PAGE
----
Never let anyone say the Answer Man isn’t “hip with the cool kids.” I’m on Facebook, you see, and happened to notice the comments on a recent Post Bulletin article by reporter Emily Cutts on the first day of Minnesota’s hands-free cellphone driving law.
Some readers/commenters questioned the law enforcement exemption. One even noticed that in the video, Rochester Police Officer Aron Lodermeier had his laptop open.
Well, as the Answer Man, I’m going to set the record straight and if not, I’ll at least give you keyboard warriors something to think about.
While it’s true that law enforcement officers are exempt from the hands-free requirement while on duty, that doesn’t mean all of them are openly disregarding the law. Even before the law took effect, the Minnesota State Patrol took things into its own hands, according to Sgt. Troy Christianson. For about six or seven months now, troopers have gone hands-free when it comes to phone calls, with exceptions.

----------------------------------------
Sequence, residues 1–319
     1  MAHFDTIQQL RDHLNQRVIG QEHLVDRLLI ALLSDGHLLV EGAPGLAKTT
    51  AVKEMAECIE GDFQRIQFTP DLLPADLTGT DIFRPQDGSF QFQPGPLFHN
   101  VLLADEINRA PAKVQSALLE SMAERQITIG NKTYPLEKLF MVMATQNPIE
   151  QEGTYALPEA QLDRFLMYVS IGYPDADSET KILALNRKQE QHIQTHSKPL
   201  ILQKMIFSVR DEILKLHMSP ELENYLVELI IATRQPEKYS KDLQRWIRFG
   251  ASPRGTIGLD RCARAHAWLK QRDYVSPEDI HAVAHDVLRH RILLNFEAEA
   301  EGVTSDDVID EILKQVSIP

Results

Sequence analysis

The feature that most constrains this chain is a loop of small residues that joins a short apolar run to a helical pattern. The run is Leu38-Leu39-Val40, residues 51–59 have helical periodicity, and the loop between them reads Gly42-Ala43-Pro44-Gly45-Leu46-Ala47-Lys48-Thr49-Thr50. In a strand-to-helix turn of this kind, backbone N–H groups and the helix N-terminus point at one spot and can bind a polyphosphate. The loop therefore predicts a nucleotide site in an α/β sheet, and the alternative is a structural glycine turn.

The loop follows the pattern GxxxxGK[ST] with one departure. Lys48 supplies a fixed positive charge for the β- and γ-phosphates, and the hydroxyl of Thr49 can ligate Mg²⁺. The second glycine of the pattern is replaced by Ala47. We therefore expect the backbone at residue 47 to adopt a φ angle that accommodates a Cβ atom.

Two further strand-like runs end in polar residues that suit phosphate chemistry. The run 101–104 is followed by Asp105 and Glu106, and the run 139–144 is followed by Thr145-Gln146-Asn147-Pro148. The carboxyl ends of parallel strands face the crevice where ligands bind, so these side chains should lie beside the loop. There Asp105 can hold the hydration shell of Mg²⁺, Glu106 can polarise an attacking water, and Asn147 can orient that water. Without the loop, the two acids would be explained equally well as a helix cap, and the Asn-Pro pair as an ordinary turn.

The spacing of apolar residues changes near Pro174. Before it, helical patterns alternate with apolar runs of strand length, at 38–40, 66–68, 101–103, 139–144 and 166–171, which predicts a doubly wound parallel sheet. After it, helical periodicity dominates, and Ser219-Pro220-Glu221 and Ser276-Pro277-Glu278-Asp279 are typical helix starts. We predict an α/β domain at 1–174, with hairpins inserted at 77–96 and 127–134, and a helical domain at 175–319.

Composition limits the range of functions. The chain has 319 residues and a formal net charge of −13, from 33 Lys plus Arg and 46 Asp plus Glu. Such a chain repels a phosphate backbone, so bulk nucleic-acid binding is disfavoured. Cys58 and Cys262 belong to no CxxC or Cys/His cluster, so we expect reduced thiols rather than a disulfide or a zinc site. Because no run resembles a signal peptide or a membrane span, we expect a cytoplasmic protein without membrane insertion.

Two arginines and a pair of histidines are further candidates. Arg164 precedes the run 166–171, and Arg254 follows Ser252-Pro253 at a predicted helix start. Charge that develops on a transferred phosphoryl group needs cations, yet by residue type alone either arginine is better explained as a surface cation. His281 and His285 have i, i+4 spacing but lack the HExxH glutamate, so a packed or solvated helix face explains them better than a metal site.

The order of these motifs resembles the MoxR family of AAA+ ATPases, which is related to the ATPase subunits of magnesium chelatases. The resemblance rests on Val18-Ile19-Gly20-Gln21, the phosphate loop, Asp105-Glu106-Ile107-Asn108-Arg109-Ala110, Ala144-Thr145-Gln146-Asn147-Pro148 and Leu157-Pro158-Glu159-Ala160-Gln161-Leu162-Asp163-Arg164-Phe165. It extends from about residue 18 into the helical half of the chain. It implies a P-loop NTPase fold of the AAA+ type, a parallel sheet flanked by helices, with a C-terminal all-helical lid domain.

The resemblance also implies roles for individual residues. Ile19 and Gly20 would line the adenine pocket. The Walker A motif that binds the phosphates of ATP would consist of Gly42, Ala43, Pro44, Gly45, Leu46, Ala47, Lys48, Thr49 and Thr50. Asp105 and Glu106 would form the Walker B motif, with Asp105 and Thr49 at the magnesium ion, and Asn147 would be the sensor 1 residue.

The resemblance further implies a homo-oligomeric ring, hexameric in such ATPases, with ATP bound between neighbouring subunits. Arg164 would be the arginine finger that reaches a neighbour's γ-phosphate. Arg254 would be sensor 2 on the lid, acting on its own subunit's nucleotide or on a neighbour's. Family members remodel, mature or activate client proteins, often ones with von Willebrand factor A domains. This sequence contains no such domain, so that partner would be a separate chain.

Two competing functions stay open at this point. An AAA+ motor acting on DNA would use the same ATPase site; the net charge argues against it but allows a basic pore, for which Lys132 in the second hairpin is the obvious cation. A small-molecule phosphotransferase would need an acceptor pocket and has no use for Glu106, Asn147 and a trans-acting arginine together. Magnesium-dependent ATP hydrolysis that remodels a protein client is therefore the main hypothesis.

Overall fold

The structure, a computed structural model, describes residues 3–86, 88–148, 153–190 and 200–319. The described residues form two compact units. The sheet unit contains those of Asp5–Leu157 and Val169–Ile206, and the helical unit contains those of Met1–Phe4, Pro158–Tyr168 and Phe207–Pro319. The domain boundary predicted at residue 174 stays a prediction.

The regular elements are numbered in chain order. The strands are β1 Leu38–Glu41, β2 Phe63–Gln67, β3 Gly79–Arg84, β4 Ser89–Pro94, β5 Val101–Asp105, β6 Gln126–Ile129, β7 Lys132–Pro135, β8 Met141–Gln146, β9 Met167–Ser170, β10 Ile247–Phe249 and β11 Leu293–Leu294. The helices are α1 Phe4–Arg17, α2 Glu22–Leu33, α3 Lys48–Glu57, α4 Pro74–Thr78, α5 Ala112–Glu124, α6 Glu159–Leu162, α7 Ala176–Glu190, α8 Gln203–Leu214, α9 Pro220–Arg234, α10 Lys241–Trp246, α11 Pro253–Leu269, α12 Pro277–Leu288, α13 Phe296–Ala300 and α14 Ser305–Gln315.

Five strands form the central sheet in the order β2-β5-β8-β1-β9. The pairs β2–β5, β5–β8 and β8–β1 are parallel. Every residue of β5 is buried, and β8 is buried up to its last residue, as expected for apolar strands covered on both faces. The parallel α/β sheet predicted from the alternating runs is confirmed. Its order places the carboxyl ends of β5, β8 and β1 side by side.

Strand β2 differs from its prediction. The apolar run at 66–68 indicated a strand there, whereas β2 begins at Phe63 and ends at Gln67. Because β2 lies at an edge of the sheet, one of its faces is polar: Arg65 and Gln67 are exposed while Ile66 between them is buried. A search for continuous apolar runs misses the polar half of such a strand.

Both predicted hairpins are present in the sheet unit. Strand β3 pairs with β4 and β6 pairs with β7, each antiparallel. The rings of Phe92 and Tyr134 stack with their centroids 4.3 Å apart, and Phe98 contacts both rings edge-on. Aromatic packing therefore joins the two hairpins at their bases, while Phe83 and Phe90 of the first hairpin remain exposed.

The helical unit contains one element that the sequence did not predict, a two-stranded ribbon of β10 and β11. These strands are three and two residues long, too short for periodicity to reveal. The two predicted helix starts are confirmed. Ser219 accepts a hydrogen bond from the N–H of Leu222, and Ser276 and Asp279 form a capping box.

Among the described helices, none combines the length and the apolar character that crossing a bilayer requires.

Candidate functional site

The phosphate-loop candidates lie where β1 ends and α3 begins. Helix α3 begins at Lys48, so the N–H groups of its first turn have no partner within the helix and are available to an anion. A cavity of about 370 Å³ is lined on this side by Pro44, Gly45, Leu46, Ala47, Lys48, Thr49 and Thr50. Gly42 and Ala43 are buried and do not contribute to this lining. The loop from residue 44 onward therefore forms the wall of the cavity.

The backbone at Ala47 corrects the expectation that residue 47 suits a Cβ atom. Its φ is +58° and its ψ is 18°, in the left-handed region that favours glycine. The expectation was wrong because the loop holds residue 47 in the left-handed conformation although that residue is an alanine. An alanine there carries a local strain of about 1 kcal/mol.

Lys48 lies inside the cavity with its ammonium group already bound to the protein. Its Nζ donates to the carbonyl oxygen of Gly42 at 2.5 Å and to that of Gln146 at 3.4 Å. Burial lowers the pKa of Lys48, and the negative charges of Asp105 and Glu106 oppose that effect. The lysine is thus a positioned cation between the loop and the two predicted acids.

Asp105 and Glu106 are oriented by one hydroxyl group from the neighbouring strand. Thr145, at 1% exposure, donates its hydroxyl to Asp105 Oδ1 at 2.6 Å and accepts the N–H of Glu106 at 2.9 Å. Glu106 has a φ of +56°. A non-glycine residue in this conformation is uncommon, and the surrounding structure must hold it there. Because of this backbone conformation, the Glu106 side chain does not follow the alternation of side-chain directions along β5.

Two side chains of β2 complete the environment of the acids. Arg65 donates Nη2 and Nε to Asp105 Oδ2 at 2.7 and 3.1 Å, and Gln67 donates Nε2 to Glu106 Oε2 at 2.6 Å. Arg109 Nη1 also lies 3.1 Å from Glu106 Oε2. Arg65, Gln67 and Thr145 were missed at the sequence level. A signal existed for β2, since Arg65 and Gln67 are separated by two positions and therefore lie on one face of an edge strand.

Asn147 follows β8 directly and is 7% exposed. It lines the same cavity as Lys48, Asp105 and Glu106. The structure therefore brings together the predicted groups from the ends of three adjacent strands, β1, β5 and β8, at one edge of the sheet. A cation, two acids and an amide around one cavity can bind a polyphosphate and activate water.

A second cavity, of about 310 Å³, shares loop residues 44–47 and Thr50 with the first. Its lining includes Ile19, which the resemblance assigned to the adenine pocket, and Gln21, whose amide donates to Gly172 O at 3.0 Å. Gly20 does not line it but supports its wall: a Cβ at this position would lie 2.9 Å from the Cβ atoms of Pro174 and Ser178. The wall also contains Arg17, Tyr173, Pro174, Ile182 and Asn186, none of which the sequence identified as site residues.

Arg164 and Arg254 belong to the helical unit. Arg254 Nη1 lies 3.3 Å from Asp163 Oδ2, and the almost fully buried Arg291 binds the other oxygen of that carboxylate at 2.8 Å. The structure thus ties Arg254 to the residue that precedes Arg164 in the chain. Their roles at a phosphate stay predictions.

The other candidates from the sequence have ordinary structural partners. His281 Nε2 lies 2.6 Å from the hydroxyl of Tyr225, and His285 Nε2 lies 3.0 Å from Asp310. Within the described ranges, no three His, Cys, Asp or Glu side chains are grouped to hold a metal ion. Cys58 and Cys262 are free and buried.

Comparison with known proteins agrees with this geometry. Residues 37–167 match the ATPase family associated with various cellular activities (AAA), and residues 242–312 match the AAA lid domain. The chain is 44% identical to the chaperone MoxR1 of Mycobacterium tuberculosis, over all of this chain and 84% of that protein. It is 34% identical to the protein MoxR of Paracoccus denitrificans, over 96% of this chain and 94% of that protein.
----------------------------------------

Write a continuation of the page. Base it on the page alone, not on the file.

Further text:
Christianson said that most of the squad cars are bluetooth capable, and bluetooth is used in most cases. But when someone is in the back of the squad, an officer may hold the phone in his or her hand so the other person doesn't hear the conversation.
Rochester Police Officer Aron Lodermeier told Cutts during their ride-along that the new law has changed his behavior inside of his squad car. At one point, he pulled into a parking lot and parked before answering a phone call from a colleague. He added that the department was exploring bluetooth options.
As for laptop use, Christianson said troopers still use them while driving to enter a license plate number. Troopers go through training, “right from rookie school,” on when and how to do that.
Christianson acknowledged, though, that there are a lot of distractions.
And here's a bonus fact for my faithful readers courtesy of the Minnesota State Patrol Twitter account. In the first 10 days of Minnesota’s new traffic laws, troopers have written 740 citations and warnings for hands-free law violations.